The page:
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Continuous positive airway pressure, better known as CPAP, is a common type of therapy for obstructive sleep apnea (OSA). It’s also used to treat COPD and overlap syndrome, a term used when a person has OSA and COPD, concurrently.
The CPAP machine comes equipped with either a mask that covers your nose and mouth or a mask that covers your nose, only. The mask is fastened to a long, plastic hose that’s attached to a machine. The machine has a motor that blows air into the hose.
CPAP uses mild air pressure to keep the breathing passages open during sleep, a time when many people with OSA and/or COPD experience a drop in oxygen. CPAP can be used with or without supplemental oxygen.
CPAP is usually the best treatment for OSA, a condition that results in episodes of shallow breathing and/or “apnea” (cessation of breathing) during sleep.1 In addition, people with stable COPD who have normal oxygen levels during the day but whose oxygen saturation drops during sleep may also benefit from CPAP. Finally, in severe COPD, CPAP can be thought of as the middle man between standard oxygen therapy and an artificial breathing machine, often delaying the need for intubation and mechanical ventilation.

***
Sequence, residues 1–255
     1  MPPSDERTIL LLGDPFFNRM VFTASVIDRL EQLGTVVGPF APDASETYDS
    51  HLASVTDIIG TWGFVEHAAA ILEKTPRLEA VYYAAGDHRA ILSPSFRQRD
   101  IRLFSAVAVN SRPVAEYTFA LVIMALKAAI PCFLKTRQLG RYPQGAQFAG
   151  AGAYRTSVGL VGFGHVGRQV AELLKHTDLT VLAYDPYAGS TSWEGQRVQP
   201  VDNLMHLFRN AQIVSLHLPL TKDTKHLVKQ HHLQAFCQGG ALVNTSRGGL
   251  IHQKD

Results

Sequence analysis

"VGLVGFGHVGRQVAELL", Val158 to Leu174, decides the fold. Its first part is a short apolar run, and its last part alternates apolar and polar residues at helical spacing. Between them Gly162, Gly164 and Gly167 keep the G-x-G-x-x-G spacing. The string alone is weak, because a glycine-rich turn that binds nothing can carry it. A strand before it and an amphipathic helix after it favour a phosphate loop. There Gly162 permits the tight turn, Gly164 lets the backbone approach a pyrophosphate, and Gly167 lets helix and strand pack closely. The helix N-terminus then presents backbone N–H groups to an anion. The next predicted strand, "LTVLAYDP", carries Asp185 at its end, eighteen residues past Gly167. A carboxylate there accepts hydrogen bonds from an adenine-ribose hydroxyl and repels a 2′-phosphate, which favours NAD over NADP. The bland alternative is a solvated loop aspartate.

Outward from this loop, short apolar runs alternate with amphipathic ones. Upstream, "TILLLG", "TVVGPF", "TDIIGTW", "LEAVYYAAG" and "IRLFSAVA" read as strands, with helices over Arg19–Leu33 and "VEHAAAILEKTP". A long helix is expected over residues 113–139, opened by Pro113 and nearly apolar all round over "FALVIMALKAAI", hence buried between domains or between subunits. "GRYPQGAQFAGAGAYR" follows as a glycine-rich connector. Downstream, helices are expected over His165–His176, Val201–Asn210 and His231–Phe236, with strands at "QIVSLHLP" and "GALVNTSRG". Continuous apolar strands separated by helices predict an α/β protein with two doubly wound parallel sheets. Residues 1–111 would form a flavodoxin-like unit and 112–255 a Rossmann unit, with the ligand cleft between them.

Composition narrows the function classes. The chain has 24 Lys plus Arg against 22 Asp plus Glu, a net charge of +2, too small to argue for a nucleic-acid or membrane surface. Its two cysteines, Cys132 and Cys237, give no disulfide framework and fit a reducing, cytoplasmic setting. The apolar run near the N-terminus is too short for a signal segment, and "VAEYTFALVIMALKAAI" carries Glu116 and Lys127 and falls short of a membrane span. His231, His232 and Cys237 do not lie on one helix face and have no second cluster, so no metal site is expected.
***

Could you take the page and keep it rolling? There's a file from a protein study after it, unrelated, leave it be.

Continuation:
Symptoms of OSA and overlap syndrome include loud snoring, interrupted sleep patterns and excessive daytime sleepiness. Many people who use CPAP regularly feel better after they begin treatment, reporting an increase in mental alertness and improved job performance during the day and better sleep with less snoring at night.
Not only does a CPAP machine often delay the need for intubation and mechanical ventilation, it can also help people with overlap syndrome live longer. According to a study published in the Journal of Clinical Sleep Medicine, people with OSA and COPD who used CPAP more than two hours a night lived longer than those who used CPAP less. Researchers also found that CPAP was especially beneficial in COPD patients already using long-term oxygen therapy (LTOT).
COPD can lead to other medical conditions as well, including chronic hypercapnia, a condition that occurs when elevated levels of carbon dioxide (CO2) are found in the blood. Left untreated, hypercapnia can be fatal. According to a report issued in American Family Physician, CPAP can help COPD patients with hypercapnia when correcting the underlying cause does not solve the problem.
For more information about CPAP for OSA, COPD and overlap syndrome, talk to your health care provider.
 Goldberg, P., et. al. “Efficacy of noninvasive CPAP in COPD with acute respiratory failure.” ERJ November 1, 1995 vol. 8 no. 11 1894-1900
 Stanchina, M. L., et. al. “Impact of CPAP use and age on mortality in patients with combined COPD and obstructive sleep apnea: The overlap syndrome.” Journal of Clinical Sleep Medicine, 9(8).
by Deborah Leader RN, BSN, PHN